Restrictive covenants are private agreements that restrict an individual’s business activities within a specific geographic area for a period of time, in return for wages, access to information, or some other type of tangible benefit. Like the spots of a leopard, they come in all shapes and sizes. Their enforceability varies from state to state, from occupation to occupation, and from industry to industry. Many states have quirky or arcane rules or regulations tailored to specific occupations. Some industries have specific rules and practices that dictate the parties’ course of dealing and determine the “reasonableness” of the restrictions. Some employers prefer non-competes, while others prefer non-solicitations or non-disclosures, or some combination of each. In any event, before agreeing to be restricted, or before asking someone to be restricted, this legal landscape should be explored and understood because litigation in this area of the law can be financially and emotionally draining. This article discusses restrictive covenants and psychologists and psychiatrists.
An Offer You Can’t Refuse
As anyone who has watched the HBO series The Sopranos observed, Dr. Jennifer Melfi, a psychiatrist, occupied a unique position of trust and confidence with her patient, Tony Soprano. Dr. Melfi was a sole practitioner with no other partners, so she probably did not have to worry about non-competes. But what if she had just graduated from medical school, found a dream job with a well-established psychiatry practice in her home state of New Jersey, and was asked to sign an employment agreement that contained “non-compete” and “non-solicitation” provisions that restricted her from engaging in psychiatry, or from having any contact with patients, within twenty miles of her office, for two years after she left that practice? What are Dr. Melfi’s options? Should she accept, reject or negotiate a new deal? What would be the financial and ethical impact to her and the patients?
New Jersey Regulations Prohibit Non-Competes for Licensed Psychologists
There is good news for Dr. Melfi, at least if she decides to stay in New Jersey. She does not have to walk away from the deal. Her post-employment restrictions most likely would not be enforceable because of New Jersey Administrative Code Section 13:42–10.16, a provision of the rules adopted by the State Board of Psychological Examiners, which reads: “A licensee shall not enter into any business agreement that interferes with or restricts the ability of a client to see or continue to see his or her therapist of choice.”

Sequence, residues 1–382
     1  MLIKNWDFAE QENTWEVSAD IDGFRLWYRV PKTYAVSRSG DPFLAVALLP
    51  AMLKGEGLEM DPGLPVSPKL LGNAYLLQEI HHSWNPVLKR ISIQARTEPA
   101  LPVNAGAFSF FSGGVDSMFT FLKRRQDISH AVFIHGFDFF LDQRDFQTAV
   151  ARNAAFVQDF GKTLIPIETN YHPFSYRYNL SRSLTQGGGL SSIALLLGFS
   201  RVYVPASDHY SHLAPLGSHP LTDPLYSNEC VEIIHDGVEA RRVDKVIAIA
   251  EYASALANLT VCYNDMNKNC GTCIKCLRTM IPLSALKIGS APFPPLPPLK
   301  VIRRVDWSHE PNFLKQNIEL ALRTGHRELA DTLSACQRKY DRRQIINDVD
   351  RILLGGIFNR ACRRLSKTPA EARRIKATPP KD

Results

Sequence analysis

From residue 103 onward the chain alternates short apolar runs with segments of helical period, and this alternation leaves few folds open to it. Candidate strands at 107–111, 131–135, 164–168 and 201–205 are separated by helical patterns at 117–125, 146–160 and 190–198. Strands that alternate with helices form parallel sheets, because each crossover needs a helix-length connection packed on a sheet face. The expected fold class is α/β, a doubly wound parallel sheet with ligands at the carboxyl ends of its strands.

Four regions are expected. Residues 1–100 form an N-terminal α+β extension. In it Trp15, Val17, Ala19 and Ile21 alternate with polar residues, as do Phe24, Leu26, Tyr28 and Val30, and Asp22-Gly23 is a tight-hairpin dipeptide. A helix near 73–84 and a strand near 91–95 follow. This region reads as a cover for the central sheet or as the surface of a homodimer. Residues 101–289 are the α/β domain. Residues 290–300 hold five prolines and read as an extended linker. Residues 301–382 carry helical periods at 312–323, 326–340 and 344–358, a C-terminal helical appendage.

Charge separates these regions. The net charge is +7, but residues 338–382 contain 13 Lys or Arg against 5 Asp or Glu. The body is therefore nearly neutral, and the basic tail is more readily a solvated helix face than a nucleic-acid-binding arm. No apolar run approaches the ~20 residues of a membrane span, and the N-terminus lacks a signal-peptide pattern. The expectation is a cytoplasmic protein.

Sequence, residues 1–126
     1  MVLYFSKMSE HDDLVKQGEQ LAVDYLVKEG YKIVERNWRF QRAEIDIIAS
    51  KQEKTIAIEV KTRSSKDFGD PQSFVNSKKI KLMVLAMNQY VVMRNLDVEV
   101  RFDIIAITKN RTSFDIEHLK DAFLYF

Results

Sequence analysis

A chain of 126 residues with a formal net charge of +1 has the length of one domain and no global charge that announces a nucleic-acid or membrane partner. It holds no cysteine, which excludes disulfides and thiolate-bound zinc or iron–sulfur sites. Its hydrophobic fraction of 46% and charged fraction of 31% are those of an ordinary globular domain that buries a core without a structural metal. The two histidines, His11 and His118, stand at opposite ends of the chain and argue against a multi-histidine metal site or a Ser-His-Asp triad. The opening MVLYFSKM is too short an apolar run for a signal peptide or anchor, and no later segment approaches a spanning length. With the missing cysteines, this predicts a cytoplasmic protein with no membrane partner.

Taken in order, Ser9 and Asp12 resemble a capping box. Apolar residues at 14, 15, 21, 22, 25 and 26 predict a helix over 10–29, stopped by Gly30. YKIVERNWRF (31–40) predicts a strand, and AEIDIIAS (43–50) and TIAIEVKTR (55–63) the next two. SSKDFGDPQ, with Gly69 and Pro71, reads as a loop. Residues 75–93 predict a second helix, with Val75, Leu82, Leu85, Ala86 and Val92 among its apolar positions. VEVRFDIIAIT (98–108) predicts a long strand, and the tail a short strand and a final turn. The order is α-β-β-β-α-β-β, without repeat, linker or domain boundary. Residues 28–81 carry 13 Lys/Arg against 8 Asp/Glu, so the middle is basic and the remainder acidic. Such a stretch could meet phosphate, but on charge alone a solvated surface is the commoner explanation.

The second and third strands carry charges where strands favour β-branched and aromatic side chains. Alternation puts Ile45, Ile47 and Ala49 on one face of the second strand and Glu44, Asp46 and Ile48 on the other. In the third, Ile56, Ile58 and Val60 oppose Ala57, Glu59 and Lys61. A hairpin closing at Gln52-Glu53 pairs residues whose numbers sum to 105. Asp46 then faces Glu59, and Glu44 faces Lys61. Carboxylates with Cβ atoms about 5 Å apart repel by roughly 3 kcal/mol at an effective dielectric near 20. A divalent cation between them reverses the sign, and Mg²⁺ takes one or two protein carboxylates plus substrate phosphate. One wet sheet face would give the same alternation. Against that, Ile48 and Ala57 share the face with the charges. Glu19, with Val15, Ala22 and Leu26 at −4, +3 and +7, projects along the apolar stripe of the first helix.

In 2005, a New Jersey Appellate Court, in Comprehensive Psychology System, P.C. v. Prince, held that the State Board of Psychological Examiners adopted a regulation that restricted licensed psychologists from entering into non-competes. In addition to this regulation, the court found that “the nature of the practice of psychology” and “the uniquely personal patient-psychologist relationship forbid any restrictions which might interfere with an ongoing course of treatment.” The court did not elaborate on the particulars of this “unique personal relationship”, or compare or contrast it to a patient’s relationship with other types of doctors, social workers or therapists. And interestingly, if the State Board of Psychological Examiners had not adopted this specific regulation, New Jersey courts, following the Supreme Court’s decisions in Community Hosp. Grp., Inc. v. Moore (2005), and Pierson v. Medical Health Ctrs., PA (2005), might have enforced some or all (New Jersey is a “blue-pencil” state) of Dr. Prince’s restrictions if they were otherwise found reasonable to protect a legitimate business interest of her employer (e.g., training, customer relationships, confidential information), not injurious to the public, and did not impose an undue hardship on her. Future articles in this Series will address restrictive covenants and health care providers in other fields of medicine.